Mali’s government and a major Tuareg-led rebel alliance exchanged prisoners this week, the two sides and a UN source have said, in a move hailed as a step forward for the country’s fledgling peace process.
A total of 47 prisoners were traded between the government and the Coordination of Movements of Azawad (CMA), and marks a key bright spot for a country that despite a months-old peace deal has yet to see stability firmly entrenched.
“The Malian government freed 31 rebel prisoners and the rebels freed 16 Malian military prisoners,” an official from MINUSMA, the UN peacekeeping mission in Mali, told AFP on condition of anonymity.
The official said the prisoner exchange took place on Thursday and was carried out in an effort to “ease the peace process”.
Sources in the defence ministry and the CMA confirmed the swap.
It was not immediately clear how long the prisoners were held for, or their identities.
Despite a peace deal having been signed this year, Mali has been hit by violence in August and September between pro-government armed groups and rebel forces.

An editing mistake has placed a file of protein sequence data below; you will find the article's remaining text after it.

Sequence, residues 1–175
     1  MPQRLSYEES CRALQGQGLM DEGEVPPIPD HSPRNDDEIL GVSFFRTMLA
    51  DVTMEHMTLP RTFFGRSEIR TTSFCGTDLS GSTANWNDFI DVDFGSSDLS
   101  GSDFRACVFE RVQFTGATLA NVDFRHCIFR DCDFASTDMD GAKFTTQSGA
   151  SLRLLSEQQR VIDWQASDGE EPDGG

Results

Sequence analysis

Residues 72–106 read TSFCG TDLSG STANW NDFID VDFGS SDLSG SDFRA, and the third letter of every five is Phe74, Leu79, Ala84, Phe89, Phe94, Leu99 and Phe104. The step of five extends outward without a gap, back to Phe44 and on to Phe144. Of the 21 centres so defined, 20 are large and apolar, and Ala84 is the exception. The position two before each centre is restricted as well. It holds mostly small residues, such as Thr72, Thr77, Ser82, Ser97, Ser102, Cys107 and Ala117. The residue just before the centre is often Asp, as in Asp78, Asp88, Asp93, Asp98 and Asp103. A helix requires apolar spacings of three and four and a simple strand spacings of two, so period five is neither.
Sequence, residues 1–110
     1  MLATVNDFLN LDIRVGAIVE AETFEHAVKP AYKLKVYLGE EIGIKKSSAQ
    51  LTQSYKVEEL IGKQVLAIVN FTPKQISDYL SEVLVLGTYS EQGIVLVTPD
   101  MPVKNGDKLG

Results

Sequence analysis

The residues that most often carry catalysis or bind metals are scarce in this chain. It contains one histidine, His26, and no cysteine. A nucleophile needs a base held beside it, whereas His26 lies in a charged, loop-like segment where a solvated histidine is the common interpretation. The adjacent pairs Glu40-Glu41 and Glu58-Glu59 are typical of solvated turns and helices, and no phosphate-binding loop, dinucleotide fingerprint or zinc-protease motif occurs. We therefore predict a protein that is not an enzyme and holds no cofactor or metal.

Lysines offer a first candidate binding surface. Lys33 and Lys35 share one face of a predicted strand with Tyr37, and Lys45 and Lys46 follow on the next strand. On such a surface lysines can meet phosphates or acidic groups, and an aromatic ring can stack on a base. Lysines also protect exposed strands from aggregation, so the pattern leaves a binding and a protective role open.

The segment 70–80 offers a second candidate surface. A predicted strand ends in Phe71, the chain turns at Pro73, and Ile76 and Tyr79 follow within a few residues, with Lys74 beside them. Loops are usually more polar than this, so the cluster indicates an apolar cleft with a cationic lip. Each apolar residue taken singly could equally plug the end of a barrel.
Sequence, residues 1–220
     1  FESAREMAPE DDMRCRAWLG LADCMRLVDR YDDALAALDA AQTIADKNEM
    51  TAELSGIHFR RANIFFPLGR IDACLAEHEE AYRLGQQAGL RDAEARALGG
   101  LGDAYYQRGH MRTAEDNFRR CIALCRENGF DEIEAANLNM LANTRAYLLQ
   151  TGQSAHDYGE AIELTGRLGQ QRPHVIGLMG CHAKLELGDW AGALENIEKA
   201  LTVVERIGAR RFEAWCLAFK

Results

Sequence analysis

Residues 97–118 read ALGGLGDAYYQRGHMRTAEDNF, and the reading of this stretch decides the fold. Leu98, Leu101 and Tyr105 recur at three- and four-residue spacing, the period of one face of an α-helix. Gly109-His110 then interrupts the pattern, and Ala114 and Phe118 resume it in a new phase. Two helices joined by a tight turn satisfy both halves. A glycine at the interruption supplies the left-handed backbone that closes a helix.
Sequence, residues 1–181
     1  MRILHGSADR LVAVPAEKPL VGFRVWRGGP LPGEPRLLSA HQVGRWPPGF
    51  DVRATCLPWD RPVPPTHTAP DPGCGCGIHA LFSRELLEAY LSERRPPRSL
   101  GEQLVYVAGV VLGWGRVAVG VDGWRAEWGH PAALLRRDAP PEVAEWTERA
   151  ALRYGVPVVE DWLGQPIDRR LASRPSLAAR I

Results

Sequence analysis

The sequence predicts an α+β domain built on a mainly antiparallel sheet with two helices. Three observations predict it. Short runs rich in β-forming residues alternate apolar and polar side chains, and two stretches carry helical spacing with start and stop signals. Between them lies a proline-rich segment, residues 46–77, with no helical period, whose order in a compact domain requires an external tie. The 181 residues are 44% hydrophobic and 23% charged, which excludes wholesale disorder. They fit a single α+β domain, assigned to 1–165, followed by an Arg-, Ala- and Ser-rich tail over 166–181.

Divided into rival armed factions, plagued by drug trafficking and at the mercy of jihadism, Mali’s desert north has struggled for stability since the west African nation gained independence in 1960.
In spring 2012 northern Mali fell under the control of jihadist groups linked to Al-Qaeda who imposed a brutal interpretation of sharia law on the region, with the country reeling from a military coup.
The Islamists were largely ousted by the French-led Operation Serval launched in January 2013, although they have since launched sporadic attacks from desert hideouts on security forces.
There were hopes of a return to stability in May when northern-based loyalist militias signed a peace deal with Tuareg rebels in the area, but the deal remains fragile.